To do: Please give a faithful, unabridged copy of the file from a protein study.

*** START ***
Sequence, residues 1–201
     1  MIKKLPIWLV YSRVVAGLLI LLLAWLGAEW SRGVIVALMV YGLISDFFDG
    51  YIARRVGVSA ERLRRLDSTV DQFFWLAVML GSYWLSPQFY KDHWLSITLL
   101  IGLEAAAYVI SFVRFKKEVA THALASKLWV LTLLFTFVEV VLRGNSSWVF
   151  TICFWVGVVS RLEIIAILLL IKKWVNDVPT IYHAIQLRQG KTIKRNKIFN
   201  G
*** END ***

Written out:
Sequence, residues 1–201
     1  MIKKLPIWLV YSRVVAGLLI LLLAWLGAEW SRGVIVALMV YGLISDFFDG
    51  YIARRVGVSA ERLRRLDSTV DQFFWLAVML GSYWLSPQFY KDHWLSITLL
   101  IGLEAAAYVI SFVRFKKEVA THALASKLWV LTLLFTFVEV VLRGNSSWVF
   151  TICFWVGVVS RLEIIAILLL IKKWVNDVPT IYHAIQLRQG KTIKRNKIFN
   201  G